A month to explore.. Heading West from Michigan- advice needed!
My partner and I have a month in between the lease on our current apartment expiring and our new one opening.. We were wondering what to do for that month, and decided it would be the perfect oppertunity to stuff our worldly posessions into a storage facility and take to the road for the trip we've so passionately wanted to take.
I will not be working or in classes for that month, but he will have to figure out how to take a month off of work..
Anyways, we need advice on the following things:
1. About how long should it take to drive out from Michigan to California?
2. How would you suggest housing/feeding ourselves on a tight budget?
3. How should he bring up the month haitus to his boss?
4. How do you ensure safety at a campsite?
And any other advice you have to give would be very, very appreciated..
Thank you guys, we're starting completely oblivious to the world of road-trips.
Found time is always cool
Time from Michigan to California: In a 100% mosey mood, it could easily take ten years.... OK -- I know that is not in the cards for this trip -- Unless you are into brutal periods of behind-the-wheel I would allow a minium of four days. If you stretch that to 10 transit days, you will have ample time to explore and rest as you wander through the country.
There are a number of tips for eating/traveling cheaply on this board -- search under budget. Plus there is an over-view to the this subject written to two very knowledgeable posters -- <a href = "http://www.roadtripamerica.com/travelplanning/Cheap-Road-Trips.htm">Bob and Gen<a/>
Month-long hiatus -- I am sure you can find an explanation for that!
Safety at a campsite -- A good dose of common sense will take care of any possible problem. Although there will be two of you -- some of the solo traveler tips are useful to remember. Check out this article written for <a href = "http://www.roadtripamerica.com/rv/Rolling-Solo.htm">solo RVers<a/> and our <a href = "http://www.roadtripamerica.com/tips/solo.htm">Solo traveler<a/> page.
Mostly, get out there and have an adventure!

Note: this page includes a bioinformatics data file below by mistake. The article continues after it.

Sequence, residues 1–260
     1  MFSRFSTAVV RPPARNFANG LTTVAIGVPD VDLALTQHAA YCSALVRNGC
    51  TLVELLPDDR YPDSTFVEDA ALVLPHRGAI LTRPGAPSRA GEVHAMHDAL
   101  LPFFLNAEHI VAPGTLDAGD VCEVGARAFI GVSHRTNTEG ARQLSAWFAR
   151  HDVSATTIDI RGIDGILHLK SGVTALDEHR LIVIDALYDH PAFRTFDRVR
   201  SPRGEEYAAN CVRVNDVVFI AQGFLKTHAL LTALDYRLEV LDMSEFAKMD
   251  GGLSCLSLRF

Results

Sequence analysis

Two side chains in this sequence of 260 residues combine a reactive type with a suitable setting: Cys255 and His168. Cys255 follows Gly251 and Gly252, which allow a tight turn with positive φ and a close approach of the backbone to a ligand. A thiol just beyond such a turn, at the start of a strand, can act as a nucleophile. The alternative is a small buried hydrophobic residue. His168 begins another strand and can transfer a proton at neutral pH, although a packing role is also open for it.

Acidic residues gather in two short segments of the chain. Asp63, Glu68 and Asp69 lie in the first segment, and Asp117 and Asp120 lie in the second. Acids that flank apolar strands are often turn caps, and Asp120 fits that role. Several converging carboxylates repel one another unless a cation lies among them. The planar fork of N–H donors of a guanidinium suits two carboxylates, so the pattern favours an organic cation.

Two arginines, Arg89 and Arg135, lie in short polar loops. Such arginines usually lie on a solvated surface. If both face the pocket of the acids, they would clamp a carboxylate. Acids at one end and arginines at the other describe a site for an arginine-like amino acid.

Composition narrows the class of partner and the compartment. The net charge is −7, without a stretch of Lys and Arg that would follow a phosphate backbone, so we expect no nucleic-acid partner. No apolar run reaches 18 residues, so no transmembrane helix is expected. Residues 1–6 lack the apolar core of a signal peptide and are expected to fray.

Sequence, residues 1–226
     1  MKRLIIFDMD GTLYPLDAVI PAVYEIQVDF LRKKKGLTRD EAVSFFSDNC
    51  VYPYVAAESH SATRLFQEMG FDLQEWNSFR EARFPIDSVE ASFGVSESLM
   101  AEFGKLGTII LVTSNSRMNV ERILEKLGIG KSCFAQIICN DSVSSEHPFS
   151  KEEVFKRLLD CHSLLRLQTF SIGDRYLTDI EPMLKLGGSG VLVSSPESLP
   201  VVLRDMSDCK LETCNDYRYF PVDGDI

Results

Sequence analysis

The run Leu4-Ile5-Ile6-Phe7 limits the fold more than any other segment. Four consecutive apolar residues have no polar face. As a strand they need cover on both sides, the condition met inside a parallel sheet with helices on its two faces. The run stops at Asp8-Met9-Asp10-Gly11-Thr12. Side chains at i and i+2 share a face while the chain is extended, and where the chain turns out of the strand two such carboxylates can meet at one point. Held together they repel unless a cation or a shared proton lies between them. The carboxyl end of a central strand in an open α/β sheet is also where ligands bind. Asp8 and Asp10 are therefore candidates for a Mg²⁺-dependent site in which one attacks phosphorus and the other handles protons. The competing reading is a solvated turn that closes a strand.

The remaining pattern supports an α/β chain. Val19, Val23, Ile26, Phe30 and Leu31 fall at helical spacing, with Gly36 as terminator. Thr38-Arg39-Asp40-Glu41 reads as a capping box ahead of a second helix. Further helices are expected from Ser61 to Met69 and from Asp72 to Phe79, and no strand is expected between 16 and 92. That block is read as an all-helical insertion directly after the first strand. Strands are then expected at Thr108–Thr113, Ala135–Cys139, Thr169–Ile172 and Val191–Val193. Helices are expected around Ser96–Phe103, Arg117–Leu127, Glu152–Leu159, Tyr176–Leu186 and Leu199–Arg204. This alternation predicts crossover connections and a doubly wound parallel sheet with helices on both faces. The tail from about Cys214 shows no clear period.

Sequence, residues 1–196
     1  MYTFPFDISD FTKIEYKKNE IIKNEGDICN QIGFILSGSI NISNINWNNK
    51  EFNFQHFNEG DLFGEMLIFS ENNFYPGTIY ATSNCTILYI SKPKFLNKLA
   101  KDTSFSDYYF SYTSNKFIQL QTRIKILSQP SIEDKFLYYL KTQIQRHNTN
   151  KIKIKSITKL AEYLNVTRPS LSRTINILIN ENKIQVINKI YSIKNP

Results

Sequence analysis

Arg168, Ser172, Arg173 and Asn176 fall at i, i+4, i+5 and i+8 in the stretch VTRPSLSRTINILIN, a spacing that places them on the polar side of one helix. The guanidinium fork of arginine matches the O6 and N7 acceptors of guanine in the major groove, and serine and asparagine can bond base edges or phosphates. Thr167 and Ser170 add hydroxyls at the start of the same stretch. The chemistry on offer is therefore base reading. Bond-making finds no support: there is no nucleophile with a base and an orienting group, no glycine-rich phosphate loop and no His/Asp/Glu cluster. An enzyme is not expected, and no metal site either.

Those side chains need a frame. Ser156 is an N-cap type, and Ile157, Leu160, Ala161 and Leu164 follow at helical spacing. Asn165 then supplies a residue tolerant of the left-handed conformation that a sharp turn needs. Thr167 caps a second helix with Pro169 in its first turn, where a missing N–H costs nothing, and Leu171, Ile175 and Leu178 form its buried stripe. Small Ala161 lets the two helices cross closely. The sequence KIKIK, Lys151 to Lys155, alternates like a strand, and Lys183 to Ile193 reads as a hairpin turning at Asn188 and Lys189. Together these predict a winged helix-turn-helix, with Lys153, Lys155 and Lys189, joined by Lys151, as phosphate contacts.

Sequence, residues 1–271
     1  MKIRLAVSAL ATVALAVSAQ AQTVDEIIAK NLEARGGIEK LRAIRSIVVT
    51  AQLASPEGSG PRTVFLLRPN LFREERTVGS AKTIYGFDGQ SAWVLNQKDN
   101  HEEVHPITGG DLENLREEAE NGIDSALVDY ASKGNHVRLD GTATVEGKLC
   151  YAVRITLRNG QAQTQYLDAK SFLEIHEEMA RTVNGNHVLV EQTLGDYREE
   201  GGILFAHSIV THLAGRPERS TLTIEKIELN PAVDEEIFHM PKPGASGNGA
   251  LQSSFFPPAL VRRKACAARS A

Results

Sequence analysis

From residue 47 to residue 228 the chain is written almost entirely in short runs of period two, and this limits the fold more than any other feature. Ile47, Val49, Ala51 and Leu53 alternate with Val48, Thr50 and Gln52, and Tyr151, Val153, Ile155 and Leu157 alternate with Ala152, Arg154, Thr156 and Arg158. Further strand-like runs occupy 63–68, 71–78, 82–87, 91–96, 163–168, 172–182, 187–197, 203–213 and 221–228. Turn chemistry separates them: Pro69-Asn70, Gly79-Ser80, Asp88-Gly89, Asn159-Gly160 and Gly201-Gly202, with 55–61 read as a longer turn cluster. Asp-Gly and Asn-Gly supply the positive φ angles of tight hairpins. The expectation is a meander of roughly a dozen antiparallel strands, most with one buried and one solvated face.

In big family oriented campgrounds like KOAs or the ones with a big statue of Yogi at the entrance:-), you probably won't have any safety concern, but if you go to BLM land or an unofficial campground, then these tips might be a little useful.
First, don't pick a secluded spot, especially if you are two women, try to stick to civilization. Try to pick a spot near a family, be friendly and if possible, start a conversation. That way, they will be more likely to help you if anything happens. I always try to pick a spot near the restrooms so that way I don't have to walk 2 miles in the dark when I get up in the middle of the night and I also don't have to walk the whole campground to locate them! Make sure you have a charged cell phone, a flashlight, something to whistle real loud and maybe a pepper spray (it might be enough to scare animals or humans away in some cases) with you.
When you're finished with lunch or dinner, make sure all your food and dishes are packed in the car with the doors locked or somewhere you think animals won't be able to break through. If you have your car with you, don't bother putting your stuff up in a tree with a rope, squirrels, like other animals, are really smart too you know!:-) If possible, don't leave too much stuff outside of your tent and car when you go to sleep, even if it has little value, it could attract unwanted attention.
[EDITOR'S NOTE: IF THE CHANCE EXISTS THAT A BEAR COULD BE THE LOCAL "HUNGRY CRITTER" -- NEVER, NEVER LEAVE FOOD IN YOUR CAR.]
But don't worry, usually official campgrounds are very safe and the worse thing that'll probably happen to you is that you'll get some food stolen by a racoon or a squirrel. No big deal!
Have a nice trip!
my advice - don't try to travel so far, and stay off the interstates. get to know small town america!
For those traveling on a budget, food is really not an issue if you remember a few things:
1) Viva la dollar menu! A couple of 99 cent cheeseburgers at McDonalds suffice even the greatest appetite, and since you are spending hours mosly on your duff, you really don't need to eat much anyway.
2) Gas station hot dogs ARE your friend! Contrary to popular beliefs, gas station hot dogs (Circle K, Quick Trip, 7-11, etc.) Are a tasty treat, and usualy cost no more than a buck a dog. And you get FREE Ketchup (Catsup), Mustard, Relish, and anything else they have there! Couple that with a normally $1 to $1.30 20 oz soda or water, and you have a complete meal for under $3!
3) Start off the day with the more expensive/filling. I.E. Have breakfast at Denny's or someplace like it, and then hit the dollar menus and the gas station hot dogs for the rest of the day. This usually causes you to not be hungry for SEVERAL hours. And if you do get hungry, those bags of non-parishables like trail mix, etc. will do for a snack while on the road.
4) That reminds me, make your own trail mix BEFORE you leave. Visit Costco or a local grocery store, buy the largest bags of the following: Planters Coctail Peanuts, Un-Shelled sunflower seeds, Raisins, and M&M's. Mix in bag, shake, serve when you desire! Makes a great snack, its fairly healthy, and doesn't spoil easily.